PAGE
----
Two servers...one KeyPair
Henry Hertz Hobbit
hhhobbit at securemecca.net
Mon Dec 4 11:20:40 CET 2006
On Tue, 2006-11-28 at 15:01 +0100, Albert Reiner wrote:
> Date: Tue, 28 Nov 2006 15:01:25 +0100
> From: Albert Reiner <areiner at tph.tuwien.ac.at>
> Subject: Re: Two servers...one KeyPair
> To: Gnupg-users at gnupg.org
> Cc: "Wolff, Alex" <awolff at newbreed.com>
> Message-ID: <20061128140125.GA15808 at tph.tuwien.ac.at>
> Content-Type: text/plain; charset=us-ascii
> > I am trying to get around the problem of creating one key-pair and using it
> > on two different servers (TEST and PROD). Is this possible?
> Generate the key on one server, export both private and public key
> (gpg --export, gpg --export-private-key), transfer to the other
> server, import private and public key.
I apologize for not addressing this sooner.
I never heard of the option --export-private-key. I gave the
more complete response of how to do it using --export-secret-keys.
Is --export-private-key part of 2.0 or are just you explaining
the concept? I have never used 2.0, YET.
I said that if you don't have completely duplicate key-rings,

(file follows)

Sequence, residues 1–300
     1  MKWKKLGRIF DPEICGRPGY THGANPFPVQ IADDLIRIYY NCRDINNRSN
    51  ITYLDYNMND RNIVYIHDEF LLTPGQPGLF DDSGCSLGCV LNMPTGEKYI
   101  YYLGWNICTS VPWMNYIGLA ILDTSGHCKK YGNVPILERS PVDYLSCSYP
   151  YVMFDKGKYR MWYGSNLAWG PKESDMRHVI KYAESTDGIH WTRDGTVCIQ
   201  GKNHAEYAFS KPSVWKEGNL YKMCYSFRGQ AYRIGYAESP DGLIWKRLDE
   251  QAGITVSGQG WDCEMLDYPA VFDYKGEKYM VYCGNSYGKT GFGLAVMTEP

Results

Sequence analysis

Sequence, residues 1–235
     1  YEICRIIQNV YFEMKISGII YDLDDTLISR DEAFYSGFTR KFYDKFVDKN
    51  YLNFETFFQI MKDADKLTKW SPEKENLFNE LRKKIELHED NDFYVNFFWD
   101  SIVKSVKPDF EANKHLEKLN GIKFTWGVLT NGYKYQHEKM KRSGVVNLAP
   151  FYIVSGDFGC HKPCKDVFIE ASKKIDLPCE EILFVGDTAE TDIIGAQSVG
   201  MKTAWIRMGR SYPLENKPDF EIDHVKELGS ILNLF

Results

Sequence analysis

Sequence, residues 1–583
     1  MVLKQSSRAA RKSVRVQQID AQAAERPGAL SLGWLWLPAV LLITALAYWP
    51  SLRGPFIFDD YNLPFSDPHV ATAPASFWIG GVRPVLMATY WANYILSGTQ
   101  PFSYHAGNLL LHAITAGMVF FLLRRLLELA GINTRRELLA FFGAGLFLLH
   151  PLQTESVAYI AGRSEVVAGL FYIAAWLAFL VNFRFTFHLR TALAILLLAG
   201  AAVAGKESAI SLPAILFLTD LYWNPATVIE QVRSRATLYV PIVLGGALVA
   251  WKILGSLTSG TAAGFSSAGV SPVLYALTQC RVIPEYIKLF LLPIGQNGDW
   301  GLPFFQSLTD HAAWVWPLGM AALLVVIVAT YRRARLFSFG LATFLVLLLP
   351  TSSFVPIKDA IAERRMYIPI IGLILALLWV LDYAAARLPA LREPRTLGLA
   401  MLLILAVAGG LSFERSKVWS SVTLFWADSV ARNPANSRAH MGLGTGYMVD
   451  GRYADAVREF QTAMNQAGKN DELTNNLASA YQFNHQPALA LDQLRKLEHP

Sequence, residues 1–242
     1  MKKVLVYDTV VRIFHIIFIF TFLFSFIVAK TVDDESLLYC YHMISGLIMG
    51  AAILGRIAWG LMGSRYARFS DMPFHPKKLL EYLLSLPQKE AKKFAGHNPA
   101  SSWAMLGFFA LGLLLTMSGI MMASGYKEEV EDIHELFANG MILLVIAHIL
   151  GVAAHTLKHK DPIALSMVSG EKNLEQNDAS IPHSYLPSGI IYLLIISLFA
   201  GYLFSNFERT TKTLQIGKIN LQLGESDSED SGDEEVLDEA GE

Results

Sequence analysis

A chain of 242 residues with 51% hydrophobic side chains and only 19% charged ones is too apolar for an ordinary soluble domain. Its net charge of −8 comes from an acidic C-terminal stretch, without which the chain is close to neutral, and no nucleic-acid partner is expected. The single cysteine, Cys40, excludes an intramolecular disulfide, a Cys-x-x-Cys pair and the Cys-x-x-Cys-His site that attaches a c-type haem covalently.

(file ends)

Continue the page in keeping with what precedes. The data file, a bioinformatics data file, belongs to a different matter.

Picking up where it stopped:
you should do the export. Additionally, if you have generated
the keys on GnuPG, but you are using PGP instead of GnuPG on the
other machine you will also want to do an --export-secret-keys
and import it on the other machine EVEN if the key-rings are
duplicates of each other.
I forgot to ask the philosophical question of whether or not
we should be asked the pass-phrase of the secret key to do this.
I suppose not, since you still need to know it to use the key
once you import it some place else. But it feels strange not
to be prompted for your pass-phrase when you are exporting
secret keys. Even if it doesn't do anything, the asking of
you to confirm that you really want to export your secret key
by asking for the pass-phrase of that key should clue you in
that you are doing something that needs to be done with care
and you should probably securely remove the file that was
created when you no longer need it.
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